Lake Weiss Fishing Report September 2011

GON Staff | August 31, 2011

Weiss: Level: 1.6 feet below full. Temp: 87-90 degrees. Clarity: Light stain.

Bass: Slow. Guide Mark Collins said they have really turned off over the last couple of weeks. “Some bass are being caught very early and very late. A few good fish are being caught in the upper Chattooga River and the upper Coosa River where there is more current and higher oxygen levels. Carolina-rigged plastics are working right now, and green pumpkin and pumpkin seed seem to be the best colors. Medium- to deep-running crankbaits and 1/2-oz. spinnerbaits slow-rolled are also catching some bass. Topwater baits are working fair early and late around deeper seawalls. Look for this pattern to hold for the next month or so, unless we get a lot of rain that really puts some oxygen back in the water. Weiss always gets a big algae bloom in late summer which depletes oxygen from the water and makes the fish very lethargic, so the dog days can be tough.” Guide Warren Barnes reports, “The early topwater bite is still working around the entire lake using all types of topwater baits such as the Jackall Bonnie. Also try buzzbaits on the flats and points early in the morning. Throughout the day, both largemouths and spotted bass are being caught using shaky-head finesse worms, jigs and Jackall Muscle Deep 15 crankbaits on the ledges. The bass are keying heavily on the drops that have hard bottoms and transition areas. As always there is a good shallow pattern on the lake as well, and this should only get better later in the month as these fish start to school up for fall. Use buzzbaits early, and have a spinnerbait close by throughout the day. Flipping and skipping under docks and log jams during the midday is still a good pattern and will get better as September progresses. A great area to try is the log jams around Riverside. Though not known for producing numbers of fish, these log jams will produce some quality fish through out the month. As we get into October, I look for the largemouths and spotted bass to move shallow into the mouths of the creeks to feed on large schools of shad to prepare for the colder months ahead. Crankbaits like the Jackall Mc60Sr and Tn70 lipless crankbaits are excellent baits to use.”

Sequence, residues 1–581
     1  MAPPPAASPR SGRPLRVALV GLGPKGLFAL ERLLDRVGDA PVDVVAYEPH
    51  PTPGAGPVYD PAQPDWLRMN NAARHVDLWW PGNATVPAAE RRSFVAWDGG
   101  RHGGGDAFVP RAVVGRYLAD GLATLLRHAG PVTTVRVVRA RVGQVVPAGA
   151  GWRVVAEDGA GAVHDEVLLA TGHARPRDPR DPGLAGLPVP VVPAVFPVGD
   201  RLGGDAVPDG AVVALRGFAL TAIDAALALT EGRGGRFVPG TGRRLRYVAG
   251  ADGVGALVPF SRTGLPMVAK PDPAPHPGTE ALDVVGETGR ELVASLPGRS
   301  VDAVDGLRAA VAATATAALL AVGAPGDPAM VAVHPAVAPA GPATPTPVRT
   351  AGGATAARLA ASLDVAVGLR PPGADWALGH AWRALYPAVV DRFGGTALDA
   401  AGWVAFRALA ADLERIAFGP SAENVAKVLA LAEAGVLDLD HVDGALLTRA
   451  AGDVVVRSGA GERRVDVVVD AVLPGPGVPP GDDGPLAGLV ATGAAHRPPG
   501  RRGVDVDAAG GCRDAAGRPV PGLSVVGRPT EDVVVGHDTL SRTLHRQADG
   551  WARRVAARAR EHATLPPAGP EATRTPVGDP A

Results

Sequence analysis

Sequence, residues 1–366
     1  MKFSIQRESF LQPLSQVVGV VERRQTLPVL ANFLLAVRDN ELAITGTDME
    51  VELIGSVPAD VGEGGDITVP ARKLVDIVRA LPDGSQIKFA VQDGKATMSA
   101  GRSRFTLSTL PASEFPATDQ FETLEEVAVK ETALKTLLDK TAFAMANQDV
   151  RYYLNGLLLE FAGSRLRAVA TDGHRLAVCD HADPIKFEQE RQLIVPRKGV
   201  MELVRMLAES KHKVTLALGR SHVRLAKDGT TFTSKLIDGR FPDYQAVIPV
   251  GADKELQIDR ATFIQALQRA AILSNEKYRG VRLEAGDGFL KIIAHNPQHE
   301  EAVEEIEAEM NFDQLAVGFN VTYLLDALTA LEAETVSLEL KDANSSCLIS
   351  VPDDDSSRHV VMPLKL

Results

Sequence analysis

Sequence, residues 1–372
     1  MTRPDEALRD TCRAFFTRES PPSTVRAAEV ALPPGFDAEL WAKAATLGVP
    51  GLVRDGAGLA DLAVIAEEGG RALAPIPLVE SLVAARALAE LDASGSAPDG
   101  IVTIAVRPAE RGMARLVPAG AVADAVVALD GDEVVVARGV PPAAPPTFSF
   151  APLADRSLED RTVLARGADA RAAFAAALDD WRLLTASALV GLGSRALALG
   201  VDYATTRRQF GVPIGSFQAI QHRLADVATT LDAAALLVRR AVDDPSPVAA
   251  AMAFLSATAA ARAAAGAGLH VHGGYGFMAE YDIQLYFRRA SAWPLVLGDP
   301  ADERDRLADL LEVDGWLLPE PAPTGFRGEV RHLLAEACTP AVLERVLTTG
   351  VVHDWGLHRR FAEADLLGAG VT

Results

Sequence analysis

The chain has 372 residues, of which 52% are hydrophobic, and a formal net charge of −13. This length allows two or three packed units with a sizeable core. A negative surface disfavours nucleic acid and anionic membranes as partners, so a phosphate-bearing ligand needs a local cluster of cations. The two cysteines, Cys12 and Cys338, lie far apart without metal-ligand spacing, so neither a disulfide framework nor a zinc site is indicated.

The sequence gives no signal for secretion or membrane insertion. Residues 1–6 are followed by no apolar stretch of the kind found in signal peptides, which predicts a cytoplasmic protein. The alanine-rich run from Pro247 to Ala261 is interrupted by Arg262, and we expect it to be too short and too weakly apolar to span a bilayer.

Poor, according to Mark. “The crappie are mainly under the docks and out deep in 8 to 14 feet of water on the channel ledges. Night fishing with live minnows with lights on the edges of the old Little River channel is producing some fair crappie. Shooting 1/24-oz. Jiffy Jigs under docks is still producing some decent crappie fishing, and a few crappie are being caught on minnows from under lights at night off docks,” Mark said.

Stripers: Fair. “They are in fair numbers in Little River and the upper Chattooga River. Little Spring Creek is also producing some fish. The canal and the powerhouse lake are also producing some stripes. Live shad is the key to catching these fish, flatlines and downlines fished 8 to 10 feet deep and trolled slowly are producing some great striper fishing.”

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